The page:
15,000 migrants stranded due to row over medical feesA recent decision of the Gulf Approved Medical Centres Association to charge $10 from the Gulf-bound Nepali migrants before their medical check-ups has created a row, leaving thousands of workers preparing to go to Saudi Arabia, Oman and Bahrain stranded in Kathmandu.
A recent decision of the Gulf Approved Medical Centres Association to charge $10 from the Gulf-bound Nepali migrants before their medical check-ups has created a row, leaving thousands of workers preparing to go to Saudi Arabia, Oman and Bahrain stranded in Kathmandu.
GAMCA, an authorised agent of the Gulf Cooperation Council, which holds the exclusive rights to provide health services to migrant workers going to the three Gulf nations, made it mandatory for its medical affiliates in Nepal to deposit $10 in its bank account prior to conducting health examinations since January 1.
GAMCA Nepal, an amalgamation of the GAMCA-affiliated medical centres in Nepal, said it has not been able to deposit the required amount due to the red tape.
The Nepal Rastra Bank,
the regulatory body, has agreed to give permission to deposit the amount but has demanded recommendation from the Ministry of Labour and Employment.
The ministry, however, appears reluctant to issue the recommendation arguing that GAMCA had already been charging above the ceiling fixed by the government. Twelve medical centres accredited by the GAMCA currently charge Rs5,300, and charging extra would be more burdensome for the workers.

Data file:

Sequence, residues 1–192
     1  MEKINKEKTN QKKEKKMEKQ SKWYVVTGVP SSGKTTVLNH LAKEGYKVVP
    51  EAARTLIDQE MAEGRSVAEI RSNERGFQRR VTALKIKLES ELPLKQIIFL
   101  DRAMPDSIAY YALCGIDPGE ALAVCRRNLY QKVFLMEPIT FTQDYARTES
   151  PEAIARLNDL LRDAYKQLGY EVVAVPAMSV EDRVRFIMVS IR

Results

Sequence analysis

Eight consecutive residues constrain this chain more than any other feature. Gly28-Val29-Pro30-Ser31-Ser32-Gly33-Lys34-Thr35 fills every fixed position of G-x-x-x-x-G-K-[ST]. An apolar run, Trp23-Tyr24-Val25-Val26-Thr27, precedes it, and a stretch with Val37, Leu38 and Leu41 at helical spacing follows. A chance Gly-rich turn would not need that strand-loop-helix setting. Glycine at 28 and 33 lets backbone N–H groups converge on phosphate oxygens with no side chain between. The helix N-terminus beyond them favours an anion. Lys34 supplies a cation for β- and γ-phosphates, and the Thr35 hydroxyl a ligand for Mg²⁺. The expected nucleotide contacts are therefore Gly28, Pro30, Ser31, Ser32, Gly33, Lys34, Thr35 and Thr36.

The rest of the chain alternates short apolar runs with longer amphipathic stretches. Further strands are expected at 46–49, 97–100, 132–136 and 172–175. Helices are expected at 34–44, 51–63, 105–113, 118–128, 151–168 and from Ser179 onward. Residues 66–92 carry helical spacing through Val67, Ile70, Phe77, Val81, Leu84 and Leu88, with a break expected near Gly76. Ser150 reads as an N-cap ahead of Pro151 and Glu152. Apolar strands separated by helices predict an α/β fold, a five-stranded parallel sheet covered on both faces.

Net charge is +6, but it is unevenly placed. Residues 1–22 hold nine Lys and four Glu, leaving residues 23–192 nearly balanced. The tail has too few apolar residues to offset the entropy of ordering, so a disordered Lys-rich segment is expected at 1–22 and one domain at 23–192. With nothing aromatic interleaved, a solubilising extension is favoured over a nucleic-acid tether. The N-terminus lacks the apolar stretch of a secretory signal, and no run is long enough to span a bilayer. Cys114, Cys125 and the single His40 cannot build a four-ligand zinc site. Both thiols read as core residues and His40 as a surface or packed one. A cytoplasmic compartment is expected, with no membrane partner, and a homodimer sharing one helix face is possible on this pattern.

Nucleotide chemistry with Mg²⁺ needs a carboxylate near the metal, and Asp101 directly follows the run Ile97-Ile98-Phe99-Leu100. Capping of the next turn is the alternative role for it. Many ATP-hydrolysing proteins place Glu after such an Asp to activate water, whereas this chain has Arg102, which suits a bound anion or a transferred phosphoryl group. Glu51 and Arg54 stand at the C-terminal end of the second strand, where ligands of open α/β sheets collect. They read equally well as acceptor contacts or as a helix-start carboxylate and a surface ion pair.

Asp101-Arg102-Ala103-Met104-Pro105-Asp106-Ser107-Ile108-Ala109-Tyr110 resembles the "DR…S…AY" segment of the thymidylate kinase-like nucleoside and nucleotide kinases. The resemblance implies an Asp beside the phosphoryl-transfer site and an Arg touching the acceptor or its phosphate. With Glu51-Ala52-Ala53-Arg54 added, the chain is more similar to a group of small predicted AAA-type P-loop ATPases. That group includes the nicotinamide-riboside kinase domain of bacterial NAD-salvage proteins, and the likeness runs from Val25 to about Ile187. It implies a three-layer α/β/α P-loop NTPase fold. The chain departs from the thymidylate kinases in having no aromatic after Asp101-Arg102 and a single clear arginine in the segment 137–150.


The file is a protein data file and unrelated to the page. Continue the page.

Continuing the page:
Under the medical fees revised last year by the Ministry of Health based on the recommendation of the Nepal Foreign Employment Medical Association, the
government has set a ceiling on the fee the medical centre can charge from migrants for pre-departure medical examination. The ceiling set for male workers is Rs2,940 and RS3,100 for females.
Though the fee was supposed to apply to all medical centres, many firms are charging up to three times the rate due to the policy of the labour receiving governments.
Twelve Nepali medical centres affiliated to GAMCA say they have not been able to deposit the fee due to administrative hassles since the new rule came into effect.
It has directly affected the workers who were in the process of applying for visa. The Nepal Association of Foreign Employment Agencies said they have not been able to apply for visa for almost a month now.
Some 15,000 workers, who were selected for jobs through interviews until December 25, are currently in Kathmandu, according to the NAFEA. Most of them are from outside the Valley.
“Thousands of workers have been unnecessarily forced to wait for days for medical tests. Some of them don’t have money for food and accommodation,” NAFEA Chair Bimal Dhakal told the Post.
The Department of Foreign Employment did not independently confirm the data. Rama Bhattarai, spokesperson for the department, said the ministry was working to sort the problem.
In a meeting with stakeholders including medical firms and recruiting agencies, Labour Secretary Laxman Prasad Mainali had agreed to write to the Nepal Rastra Bank.
“But we made it clear to them that they cannot charge migrants extra. They have agreed to deposit the amount from the same Rs5,300 fees,” said an official at the ministry.